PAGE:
Nobody enjoys the expense of filling up an empty gas tank. But you can easily make the situation much worse with a few simple — and very common — money mistakes.
Some of these under-the-radar missteps are especially harmful to your budget, especially if you make them repeatedly.
Following are some of the costliest money mistakes you can make at a gas station.
1. Grabbing a drink
We cite stopping at convenience stores as a major money waster in “7 Ways You Throw Away Money Every Day.” And grabbing water or caffeine at the gas station is really no different.
Say you grab a 16-ounce bottle of water for $1. Surely a convenience purchase is harmless when it’s only a buck, right? Not exactly.
You just paid $8 a gallon — far more than you would ever pay for gasoline — for something that flows freely from your home faucet. That’s not the kind of mistake that most folks can afford to repeat if they hope to retire comfortably.
So, invest in a reusable water bottle or an insulated tumbler already, and never pay for water again.
Then, start adding all those dollars you save to a high-paying savings account or a retirement account.
2. Paying for gas with a debit card
Every time you use a debit card at a gas pump, you effectively increase your chances of becoming a victim of identity theft.
Criminals attach skimmers — illegal card readers that steal your card numbers — to gas pump payment terminals because they are not manned by employees. We detail this in “9 Things You Should Never Pay For With a Debit Card.”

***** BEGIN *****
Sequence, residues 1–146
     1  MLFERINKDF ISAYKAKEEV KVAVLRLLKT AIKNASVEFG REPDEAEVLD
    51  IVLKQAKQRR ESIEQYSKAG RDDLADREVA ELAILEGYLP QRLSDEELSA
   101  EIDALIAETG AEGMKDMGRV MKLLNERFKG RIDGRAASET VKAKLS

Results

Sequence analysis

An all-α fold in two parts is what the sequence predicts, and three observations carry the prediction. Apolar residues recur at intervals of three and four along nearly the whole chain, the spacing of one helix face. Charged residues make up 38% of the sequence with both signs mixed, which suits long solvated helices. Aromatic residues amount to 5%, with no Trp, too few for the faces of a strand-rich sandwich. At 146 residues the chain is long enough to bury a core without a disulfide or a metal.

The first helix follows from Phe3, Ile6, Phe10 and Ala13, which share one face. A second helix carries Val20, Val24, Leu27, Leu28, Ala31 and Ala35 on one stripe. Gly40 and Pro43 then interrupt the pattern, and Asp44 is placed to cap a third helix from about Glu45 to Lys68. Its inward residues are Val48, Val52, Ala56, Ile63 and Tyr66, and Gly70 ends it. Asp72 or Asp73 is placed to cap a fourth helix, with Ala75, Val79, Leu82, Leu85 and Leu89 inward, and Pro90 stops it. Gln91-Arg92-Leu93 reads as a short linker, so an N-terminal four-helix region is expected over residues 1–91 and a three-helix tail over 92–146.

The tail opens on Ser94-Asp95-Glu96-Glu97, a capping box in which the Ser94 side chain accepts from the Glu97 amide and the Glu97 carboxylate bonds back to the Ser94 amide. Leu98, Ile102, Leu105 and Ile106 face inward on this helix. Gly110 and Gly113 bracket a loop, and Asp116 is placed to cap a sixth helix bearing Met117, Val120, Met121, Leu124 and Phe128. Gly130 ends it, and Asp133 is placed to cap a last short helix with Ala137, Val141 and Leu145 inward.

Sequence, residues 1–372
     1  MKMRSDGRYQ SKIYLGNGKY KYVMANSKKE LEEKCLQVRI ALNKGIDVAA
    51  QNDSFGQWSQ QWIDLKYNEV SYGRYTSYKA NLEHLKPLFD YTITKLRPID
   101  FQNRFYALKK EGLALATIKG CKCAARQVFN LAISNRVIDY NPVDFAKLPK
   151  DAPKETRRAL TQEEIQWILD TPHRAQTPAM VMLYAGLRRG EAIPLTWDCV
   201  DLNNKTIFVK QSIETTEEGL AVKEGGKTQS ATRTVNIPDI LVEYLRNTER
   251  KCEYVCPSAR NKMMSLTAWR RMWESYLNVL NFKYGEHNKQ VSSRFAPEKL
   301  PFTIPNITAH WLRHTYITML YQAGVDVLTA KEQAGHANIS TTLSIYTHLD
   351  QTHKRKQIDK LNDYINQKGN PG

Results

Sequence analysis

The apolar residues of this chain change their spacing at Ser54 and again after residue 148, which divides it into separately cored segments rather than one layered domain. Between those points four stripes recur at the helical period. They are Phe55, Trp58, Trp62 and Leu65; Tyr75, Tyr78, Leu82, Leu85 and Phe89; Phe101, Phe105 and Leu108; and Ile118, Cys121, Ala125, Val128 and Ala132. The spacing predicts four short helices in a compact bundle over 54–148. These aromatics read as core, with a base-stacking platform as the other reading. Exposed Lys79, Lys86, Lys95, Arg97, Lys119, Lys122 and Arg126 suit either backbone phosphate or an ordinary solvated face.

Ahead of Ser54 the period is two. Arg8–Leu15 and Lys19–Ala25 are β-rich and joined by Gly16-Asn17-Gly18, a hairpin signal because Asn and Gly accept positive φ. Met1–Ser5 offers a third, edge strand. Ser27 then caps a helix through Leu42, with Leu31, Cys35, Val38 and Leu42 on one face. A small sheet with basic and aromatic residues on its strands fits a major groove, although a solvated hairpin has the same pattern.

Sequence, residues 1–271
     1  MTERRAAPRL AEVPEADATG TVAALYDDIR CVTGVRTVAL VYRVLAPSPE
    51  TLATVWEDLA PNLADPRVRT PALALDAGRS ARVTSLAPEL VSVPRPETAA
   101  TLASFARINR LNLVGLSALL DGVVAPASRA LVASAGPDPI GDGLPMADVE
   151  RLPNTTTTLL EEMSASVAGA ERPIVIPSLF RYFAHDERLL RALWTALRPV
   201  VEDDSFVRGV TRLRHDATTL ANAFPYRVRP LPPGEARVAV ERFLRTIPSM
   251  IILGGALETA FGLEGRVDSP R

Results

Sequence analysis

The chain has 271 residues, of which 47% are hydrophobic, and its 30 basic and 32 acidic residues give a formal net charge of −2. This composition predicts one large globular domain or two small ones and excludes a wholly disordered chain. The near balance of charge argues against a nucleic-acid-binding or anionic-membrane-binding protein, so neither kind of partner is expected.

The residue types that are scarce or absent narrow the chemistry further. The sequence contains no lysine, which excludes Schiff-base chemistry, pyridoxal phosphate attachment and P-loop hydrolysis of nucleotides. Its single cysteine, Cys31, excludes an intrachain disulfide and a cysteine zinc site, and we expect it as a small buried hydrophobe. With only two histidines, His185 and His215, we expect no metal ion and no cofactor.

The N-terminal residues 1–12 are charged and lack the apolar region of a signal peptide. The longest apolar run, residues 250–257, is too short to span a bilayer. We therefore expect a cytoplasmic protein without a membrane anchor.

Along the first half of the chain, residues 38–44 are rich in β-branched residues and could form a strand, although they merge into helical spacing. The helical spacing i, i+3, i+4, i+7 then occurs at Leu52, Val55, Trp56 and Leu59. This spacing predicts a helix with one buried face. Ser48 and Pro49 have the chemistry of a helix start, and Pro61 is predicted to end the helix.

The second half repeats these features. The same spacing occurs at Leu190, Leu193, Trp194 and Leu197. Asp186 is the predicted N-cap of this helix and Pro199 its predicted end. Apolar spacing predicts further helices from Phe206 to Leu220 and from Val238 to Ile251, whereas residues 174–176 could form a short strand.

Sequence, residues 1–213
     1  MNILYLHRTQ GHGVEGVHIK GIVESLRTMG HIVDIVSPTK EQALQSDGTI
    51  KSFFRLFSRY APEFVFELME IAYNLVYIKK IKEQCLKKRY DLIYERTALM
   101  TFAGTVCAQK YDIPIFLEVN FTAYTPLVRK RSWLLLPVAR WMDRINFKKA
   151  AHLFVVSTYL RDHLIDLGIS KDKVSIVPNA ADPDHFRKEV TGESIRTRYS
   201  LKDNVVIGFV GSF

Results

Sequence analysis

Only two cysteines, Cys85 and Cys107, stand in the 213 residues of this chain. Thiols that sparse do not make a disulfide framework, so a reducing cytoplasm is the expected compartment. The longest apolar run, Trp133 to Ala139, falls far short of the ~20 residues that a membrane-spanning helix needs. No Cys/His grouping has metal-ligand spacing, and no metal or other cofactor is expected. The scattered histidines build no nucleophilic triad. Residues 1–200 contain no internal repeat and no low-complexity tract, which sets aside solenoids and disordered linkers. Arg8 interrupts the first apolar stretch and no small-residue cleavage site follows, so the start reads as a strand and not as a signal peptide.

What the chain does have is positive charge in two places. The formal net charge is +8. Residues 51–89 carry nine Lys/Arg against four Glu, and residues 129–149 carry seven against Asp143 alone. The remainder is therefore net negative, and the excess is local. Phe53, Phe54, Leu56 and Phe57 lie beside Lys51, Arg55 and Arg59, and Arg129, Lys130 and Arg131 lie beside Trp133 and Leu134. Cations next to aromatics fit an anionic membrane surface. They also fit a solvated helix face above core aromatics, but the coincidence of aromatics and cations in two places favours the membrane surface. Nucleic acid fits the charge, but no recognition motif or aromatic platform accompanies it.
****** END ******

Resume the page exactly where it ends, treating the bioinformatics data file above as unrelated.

If you pay with cash, that’s not an issue. If you pay with a credit card, it’s not much of an issue because credit card transactions are covered by a federal law that limits your responsibility for unauthorized charges to $50.
Your debit card, however, does not enjoy such protections. You have to report such losses in a timely manner to ensure you get most of your money back.
If a criminal steals your debit card numbers from a gas pump skimmer and uses it to ring up hundreds or thousands of dollars in purchases before you realize it, there’s no guarantee you’ll ever see that money again.
In addition, debit card fraud typically allows the thief to tap directly into your checking account. If someone steals all the money from your account — even just temporarily — will you have enough money stashed away in an emergency fund to cover bills while you wait for the stolen money to be recovered?
3. Buying premium gas
If your car requires high-octane gasoline, you should shell out for it. But if premium gas is merely recommended, you’re better off saving your money, AAA says.
Many drivers are not doing either of these things, though. According to a 2018 AAA report, Americans collectively waste $2.1 billion per year on high-octane gas when it isn’t required or even recommended for their cars.
To learn more about whether regular, premium or Top Tier gas is best for your car, check out “This Is the No. 1 Mistake Drivers Make When Filling Up.”
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